News Column

From Council Grove to Alaska ; Wireless company mainly serves rural communities in U.S.

August 3, 2014

Jan Biles; Jan Biles jan.biles@cjonline.com

COUNCIL GROVE -- A Council Grove business serving rural communications companies recently helped extend wireless broadband coverage to a remote mountainous area of Alaska to enable commercial fishermen to connect with the Internet.

t3 Wireless Inc. recently completed an upgrade for Alaska-based Cordova Telephone Cooperative in the Prince William Sound area, adjacent to the Gulf of Alaska, that added capacity to its Global System for Mobile cellular network.

Cordova's service area, which is solar-powered, now has fourth- generation, high-speed broadband to offer its customers.

"It's an extremely remote area, and boat and helicopter are the only ways in," said Dave Kirk, president of t3 Wireless. "Broadband is the lifeline to these small communities and helps them compete on a global stage."

In addition to helping with engineering and integration, t3 also trained Cordova workers so they could maintain the system on their own. Joe Reed, sales engineer for t3 Wireless, said the area receives about 120 inches of snow in the winter and about 100 inches of rain in the summer.

"Previously, (some workers) went in for the installation, but the helicopter couldn't get out for two weeks," Reed said.

Kirk said t3 Wireless, which incorporated in January 2013, works with rural telephone companies and electrical cooperatives throughout the United States, but mostly within the middle one- third of the country. The company helps build wireless networks for its clients to use to support their customers.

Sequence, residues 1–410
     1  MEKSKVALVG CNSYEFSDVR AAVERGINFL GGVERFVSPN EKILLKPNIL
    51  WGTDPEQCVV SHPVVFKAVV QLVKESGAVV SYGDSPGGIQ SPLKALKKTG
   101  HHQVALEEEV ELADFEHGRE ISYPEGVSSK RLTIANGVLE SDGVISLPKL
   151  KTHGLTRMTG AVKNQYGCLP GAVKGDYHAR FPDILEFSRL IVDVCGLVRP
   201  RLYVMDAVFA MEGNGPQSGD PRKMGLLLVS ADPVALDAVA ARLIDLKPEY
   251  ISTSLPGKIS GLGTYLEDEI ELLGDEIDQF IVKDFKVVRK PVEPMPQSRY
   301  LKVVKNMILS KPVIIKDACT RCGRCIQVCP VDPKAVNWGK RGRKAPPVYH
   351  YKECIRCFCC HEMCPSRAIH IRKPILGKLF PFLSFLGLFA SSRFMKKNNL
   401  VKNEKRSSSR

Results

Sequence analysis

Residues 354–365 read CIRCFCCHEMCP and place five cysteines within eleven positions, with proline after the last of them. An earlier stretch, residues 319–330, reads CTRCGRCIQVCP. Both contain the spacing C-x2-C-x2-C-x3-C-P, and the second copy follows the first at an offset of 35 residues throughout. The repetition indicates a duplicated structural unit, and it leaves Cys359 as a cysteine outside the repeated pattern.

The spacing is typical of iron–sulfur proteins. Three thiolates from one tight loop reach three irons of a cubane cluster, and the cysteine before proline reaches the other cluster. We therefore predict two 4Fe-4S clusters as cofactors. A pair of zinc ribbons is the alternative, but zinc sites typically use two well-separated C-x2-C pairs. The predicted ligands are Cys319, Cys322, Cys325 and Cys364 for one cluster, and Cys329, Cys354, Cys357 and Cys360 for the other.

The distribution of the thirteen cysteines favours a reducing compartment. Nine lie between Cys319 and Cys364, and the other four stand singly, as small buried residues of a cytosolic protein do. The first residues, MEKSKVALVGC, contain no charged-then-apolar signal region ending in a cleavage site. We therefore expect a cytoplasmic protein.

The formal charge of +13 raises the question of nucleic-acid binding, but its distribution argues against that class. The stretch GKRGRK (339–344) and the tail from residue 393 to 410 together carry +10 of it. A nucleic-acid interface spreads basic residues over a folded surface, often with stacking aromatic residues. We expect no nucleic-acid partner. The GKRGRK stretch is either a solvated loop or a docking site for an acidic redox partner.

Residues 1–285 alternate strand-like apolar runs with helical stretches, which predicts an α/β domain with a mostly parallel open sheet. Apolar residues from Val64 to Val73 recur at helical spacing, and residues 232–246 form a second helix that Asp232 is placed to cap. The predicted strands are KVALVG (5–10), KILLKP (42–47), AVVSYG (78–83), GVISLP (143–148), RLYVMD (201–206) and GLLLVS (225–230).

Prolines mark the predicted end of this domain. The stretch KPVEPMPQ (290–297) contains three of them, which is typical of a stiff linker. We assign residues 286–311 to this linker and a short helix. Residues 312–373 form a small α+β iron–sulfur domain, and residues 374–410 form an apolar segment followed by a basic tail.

"It's a challenging time right now for small-town America, and it has never been more important to rural providers to provide their local businesses, schools, hospitals and residents with quality high- speed broadband and voice," he said. "Our clients are quietly supporting so many of the critical revenue streams and backbones that keep life in rural America connected to the rest of the world."

Kirk said his customers have seen high growth in the areas of Wi- Fi (indoor wireless) and LTE (long-term evolution high-speed mobile broadband) to handle the demands of smart phones and tablets.

"Most every kid has an iPhone in their pocket anymore, and legacy networks won't support them," he said. "Advances in areas, such as E- Learning, is requiring high-quality bandwidth in the schools to support testing, etc. We believe rural America has to keep up and stay connected and are devoted to coming up with those quality solutions."

Kirk said t3 Wireless has 10 employees who work in its Council Grove headquarters, plus remote employees in Texas, Minnesota and Florida.


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Source: Topeka Capital Journal (KS)


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